Long time readers might notice that I am slightly obsessed with time. I frequently ask: How much can I get don in a day? How much can I do in a weekend? How long until I’m done?
Well, with a few unseasonably warm days last week, I took my obsession to a new level. How much, I wondered, can I get done in an hour?
My enthusiasm for boat building has been growing in recent weeks and I didn’t want to squander the opportunity to make some progress. But good weather came at a busy time. I couldn’t drop my other obligations and head out to the garage. So I applied my guiding motto: “Doing something is better than doing nothing.”
This philosophy makes me a fairly efficient person. I have an ability to juggle multiple projects and I finish what I start. But it also makes me more than a little neurotic. Willing to parse my day into tiny, minute-by-minute segments, I grown antsy after a few moments of inactivity. In ten minutes, I can…make a phone call, send an email, wash some dishes, or even begin a blog post. I convince myself that I can always squeeze one more item into my to-do list. (And, yes, I do make to do lists. They guide my days. I even catch myself adding already completed items to my lists just so I can check them off.)
So while the good weather lasted, I vowed to find some room in my day for the boat and see what could be accomplished in an hour. After four days and four hours, here’s my mid-winter progress report:
In photographs, the Pocket Cruiser’s bowsprint looks very jaunty. Fully rigged, it gives the boat a classic, boaty appearance. In real life, I discovered, it’s nothing more than a short piece of 2×3 and, in its current unfinished state, I really does look like a construction site discard. It took an hour to cut because, first, I spent a long time looking for my tape measure and, second, I needed to cut the little pointy bit at the end. I trust it will look more impressive when it is sanded, varnished, painted, and attached to the hull with chains. For the moment, it’s not adding much to the overall appearance.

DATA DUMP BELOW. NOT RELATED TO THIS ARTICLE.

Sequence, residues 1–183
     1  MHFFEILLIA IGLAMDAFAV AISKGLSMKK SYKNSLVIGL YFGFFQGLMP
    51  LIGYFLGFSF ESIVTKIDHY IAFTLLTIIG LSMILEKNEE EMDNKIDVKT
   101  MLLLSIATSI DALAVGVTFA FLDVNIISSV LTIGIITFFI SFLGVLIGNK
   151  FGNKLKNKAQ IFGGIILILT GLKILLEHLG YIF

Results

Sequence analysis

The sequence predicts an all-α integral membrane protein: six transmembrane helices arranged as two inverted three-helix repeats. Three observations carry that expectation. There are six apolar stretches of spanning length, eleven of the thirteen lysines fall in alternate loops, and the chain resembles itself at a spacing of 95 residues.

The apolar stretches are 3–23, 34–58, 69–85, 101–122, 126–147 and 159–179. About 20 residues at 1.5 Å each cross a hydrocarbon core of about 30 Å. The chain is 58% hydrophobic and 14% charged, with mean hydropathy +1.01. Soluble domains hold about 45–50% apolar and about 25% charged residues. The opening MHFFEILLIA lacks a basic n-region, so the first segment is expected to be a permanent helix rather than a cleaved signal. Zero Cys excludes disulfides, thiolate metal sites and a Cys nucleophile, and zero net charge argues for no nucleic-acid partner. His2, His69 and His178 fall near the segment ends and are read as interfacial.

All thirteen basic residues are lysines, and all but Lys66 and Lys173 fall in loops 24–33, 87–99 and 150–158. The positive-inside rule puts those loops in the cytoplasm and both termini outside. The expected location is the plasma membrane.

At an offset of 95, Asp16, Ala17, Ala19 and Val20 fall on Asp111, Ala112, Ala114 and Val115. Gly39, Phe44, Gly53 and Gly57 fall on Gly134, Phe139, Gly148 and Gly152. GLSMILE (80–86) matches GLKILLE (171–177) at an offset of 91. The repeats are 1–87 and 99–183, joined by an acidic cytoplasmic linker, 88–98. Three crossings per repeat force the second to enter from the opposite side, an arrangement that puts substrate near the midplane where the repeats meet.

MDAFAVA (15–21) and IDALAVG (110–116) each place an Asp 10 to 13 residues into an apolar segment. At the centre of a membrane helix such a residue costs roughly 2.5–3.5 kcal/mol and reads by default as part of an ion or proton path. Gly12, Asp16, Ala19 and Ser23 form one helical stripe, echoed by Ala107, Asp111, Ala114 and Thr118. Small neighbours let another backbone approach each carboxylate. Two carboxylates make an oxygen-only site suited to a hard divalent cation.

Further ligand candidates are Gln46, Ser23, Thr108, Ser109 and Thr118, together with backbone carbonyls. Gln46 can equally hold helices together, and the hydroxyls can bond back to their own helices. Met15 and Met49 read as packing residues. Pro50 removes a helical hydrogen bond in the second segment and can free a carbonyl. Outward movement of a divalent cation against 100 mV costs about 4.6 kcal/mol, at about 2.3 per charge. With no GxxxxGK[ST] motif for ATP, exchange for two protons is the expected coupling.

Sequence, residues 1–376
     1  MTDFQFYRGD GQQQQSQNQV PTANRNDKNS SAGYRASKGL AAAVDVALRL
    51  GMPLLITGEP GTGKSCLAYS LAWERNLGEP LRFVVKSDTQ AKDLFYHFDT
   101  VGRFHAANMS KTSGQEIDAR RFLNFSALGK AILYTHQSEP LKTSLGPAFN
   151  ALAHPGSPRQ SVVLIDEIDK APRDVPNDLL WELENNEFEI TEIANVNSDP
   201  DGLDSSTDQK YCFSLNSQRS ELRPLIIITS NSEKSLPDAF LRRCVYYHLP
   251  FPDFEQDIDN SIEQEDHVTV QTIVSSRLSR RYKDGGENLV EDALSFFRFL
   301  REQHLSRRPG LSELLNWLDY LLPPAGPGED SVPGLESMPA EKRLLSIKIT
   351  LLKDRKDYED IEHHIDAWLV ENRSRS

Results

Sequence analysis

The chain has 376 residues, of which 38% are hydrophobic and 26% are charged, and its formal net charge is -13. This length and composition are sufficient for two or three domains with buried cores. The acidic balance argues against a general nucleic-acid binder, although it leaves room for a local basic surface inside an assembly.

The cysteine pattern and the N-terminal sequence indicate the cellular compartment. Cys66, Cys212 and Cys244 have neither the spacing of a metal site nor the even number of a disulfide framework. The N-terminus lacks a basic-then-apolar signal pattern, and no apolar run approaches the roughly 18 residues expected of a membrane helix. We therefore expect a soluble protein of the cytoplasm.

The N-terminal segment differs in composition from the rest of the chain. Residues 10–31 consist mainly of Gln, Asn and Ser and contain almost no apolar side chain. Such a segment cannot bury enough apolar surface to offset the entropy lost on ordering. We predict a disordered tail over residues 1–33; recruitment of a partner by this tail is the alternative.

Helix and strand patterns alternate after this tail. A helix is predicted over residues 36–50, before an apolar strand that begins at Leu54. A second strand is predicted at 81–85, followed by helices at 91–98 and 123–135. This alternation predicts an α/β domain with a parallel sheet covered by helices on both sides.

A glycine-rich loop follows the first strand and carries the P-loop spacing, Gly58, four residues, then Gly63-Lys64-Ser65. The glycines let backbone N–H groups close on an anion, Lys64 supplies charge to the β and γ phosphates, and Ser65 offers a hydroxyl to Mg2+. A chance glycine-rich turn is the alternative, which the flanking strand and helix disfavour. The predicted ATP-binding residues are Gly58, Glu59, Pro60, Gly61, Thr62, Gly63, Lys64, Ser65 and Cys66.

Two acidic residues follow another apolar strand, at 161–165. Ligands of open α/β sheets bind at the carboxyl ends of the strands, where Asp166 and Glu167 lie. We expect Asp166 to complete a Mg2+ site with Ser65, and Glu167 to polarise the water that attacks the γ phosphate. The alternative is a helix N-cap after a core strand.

That was the first day.
Continuing with the rigging, I spent my second day and my second hour cutting the boom, which is the part of the rigging that can give you a concussion if it swings about unexpectedly. It too has the pointy bit at the end. It is also rounded and slightly tapered. It will be attached to the mast with a hinge fabricated from pipes, iron bars and a pin. That was an easy hour of work.
Before starting this project, I didn’t know what a “gaff rigged” sail was, but at some point I came to recognize this distinctive, old-fashioned form of rigging. Simply put, the gaff is a pole that holds the top of the sail out and away from the mast.
Cutting the gaff was a bit more interesting and slightly more complicated than the previous day’s work, primarily because I needed to cut and assemble a yoke at one end where the gaff slides over top of the mast. The yoke is held in place by a short piece of rope, which holds a series of plastic rings cut from pvc pipe. These pipe pieces act as rollers so that the gaff can slide up and down the mast as needed. I was able to cut the gaff and wooden yokes on the third day. The pieces were assembled on the fourth day. It was a pleasantly mechanical thing to build.
So that’s it: Four hours of work over four days yielded most of the pieces needed to support my sail. The weather turned colder after that and I once again returned to the woodstove and my books, but I feel that I regained some momentum and am ready for the next warm day. All I need is an hour.
And my tape measure, wherever it is.